BETHESDA, Md. — After another weekend of large crowds in bars across the country, health officials are sounding the alarm, and some leaders are considering shutting down watering holes again.
In Maryland, the governor is concerned about increasing numbers of coronavirus cases among young adults. D.C.'s mayor wants people to ask themselves if they really need to go out.
The Baltimore Sun reported that health officers in Montgomery, Prince George's, Anne Arundel, Baltimore and Howard counties, along with Baltimore City, have written the state health department asking for renewed restrictions on bars, restaurants and other establishments to curb the recent spike in coronavirus cases.
Pictures of large crowds at pool parties, street parties beaches and bars have been widely shared on social media since localities began slowly easing restrictions.
"If you're worried about it, stay home. If you don't want to catch it, stay home," one shirtless young man at a crowded pool party in the Ozarks said in May.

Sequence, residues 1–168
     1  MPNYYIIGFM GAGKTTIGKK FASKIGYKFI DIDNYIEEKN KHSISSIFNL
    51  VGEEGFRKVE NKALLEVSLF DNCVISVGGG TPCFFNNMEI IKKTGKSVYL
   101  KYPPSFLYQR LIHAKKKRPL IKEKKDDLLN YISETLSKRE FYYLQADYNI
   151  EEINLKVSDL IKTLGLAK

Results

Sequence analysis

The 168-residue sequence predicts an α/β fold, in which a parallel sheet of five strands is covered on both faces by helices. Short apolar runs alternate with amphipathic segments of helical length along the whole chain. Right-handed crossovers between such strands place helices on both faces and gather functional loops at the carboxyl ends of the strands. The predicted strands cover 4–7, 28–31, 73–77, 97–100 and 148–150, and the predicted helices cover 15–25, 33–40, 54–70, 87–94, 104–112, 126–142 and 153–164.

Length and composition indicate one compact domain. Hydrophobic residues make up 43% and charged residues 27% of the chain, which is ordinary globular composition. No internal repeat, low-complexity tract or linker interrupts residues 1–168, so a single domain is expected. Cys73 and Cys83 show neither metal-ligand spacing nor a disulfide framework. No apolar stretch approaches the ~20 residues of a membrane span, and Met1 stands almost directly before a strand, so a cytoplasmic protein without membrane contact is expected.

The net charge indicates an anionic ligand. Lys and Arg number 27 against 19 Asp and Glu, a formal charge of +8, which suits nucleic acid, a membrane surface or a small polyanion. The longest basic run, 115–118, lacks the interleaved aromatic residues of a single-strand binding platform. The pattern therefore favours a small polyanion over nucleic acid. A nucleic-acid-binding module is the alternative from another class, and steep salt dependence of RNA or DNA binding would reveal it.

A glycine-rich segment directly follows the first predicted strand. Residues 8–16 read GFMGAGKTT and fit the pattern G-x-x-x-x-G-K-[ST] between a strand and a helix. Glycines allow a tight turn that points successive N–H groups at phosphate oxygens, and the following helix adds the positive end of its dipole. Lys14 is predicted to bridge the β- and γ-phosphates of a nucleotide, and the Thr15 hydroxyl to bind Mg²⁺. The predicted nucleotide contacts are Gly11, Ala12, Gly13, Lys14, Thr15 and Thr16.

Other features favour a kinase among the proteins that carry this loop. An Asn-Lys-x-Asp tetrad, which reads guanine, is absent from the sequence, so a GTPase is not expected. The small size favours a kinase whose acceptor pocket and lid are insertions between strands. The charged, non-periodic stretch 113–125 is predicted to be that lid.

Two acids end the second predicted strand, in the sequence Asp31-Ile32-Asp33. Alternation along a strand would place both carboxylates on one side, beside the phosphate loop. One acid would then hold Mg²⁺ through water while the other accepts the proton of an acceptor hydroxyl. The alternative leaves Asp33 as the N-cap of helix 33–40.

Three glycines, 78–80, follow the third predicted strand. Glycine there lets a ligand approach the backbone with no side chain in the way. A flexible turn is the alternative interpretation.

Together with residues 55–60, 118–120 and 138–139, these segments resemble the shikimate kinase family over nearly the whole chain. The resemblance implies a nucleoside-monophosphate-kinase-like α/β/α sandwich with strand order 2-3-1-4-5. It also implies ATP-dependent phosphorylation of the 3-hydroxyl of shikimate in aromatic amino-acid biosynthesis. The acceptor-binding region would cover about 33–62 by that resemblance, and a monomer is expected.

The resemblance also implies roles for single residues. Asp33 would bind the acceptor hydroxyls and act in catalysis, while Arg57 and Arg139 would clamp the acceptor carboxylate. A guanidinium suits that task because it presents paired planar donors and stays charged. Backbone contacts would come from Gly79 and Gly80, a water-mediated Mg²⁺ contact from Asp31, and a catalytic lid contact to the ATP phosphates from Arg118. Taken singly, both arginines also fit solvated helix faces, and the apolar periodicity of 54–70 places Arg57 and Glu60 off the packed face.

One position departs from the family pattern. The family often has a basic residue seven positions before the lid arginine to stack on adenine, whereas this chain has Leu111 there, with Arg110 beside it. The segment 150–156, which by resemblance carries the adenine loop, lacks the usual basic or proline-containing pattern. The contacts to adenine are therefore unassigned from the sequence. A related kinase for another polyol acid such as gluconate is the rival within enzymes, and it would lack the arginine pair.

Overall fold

In Baltimore, three bars posted on social media that they'd had to close earlier this month after workers contracted the virus, but have since reopened.
In Virginia Beach, health data shows the number of cases climbing, and Gov. Ralph Northam (D-Virginia) said too many young adults have been in bars maskless.
In Maryland, there has been a steady rise in the percentage of cases among people younger than 30.
"The infection rate among Marylanders under the age of 35 is now shockingly 52% higher than among those 35 and older," Gov. Larry Hogan (R-Maryland) said earlier this month.
Bars across the region have been reopening under rules to try and slow the spread of infection. But Joshua Sharfstein, MD, a vice dean at Johns Hopkins Bloomberg School of Public Health, said, "there's clear evidence of bar outbreaks, not only all over the country, but all over the world."
Sharfstein listed a number of factors that make him very concerned about bars.
"First of all, there is alcohol, so people won't necessarily follow what other instructions you're giving them," he said. "Number two, people are drinking, so they can't be wearing masks. Number three, there's music, so they may be shouting. All those things in an enclosed indoor space are risk factors for viral spread."
For now, indoor spaces in Maryland and Virginia, and outdoor spaces in D.C., are open with social distancing, mask requirements and other rules in place.
But Sharfstein warns that if the numbers continue to rise, political leaders may be forced to close bars again.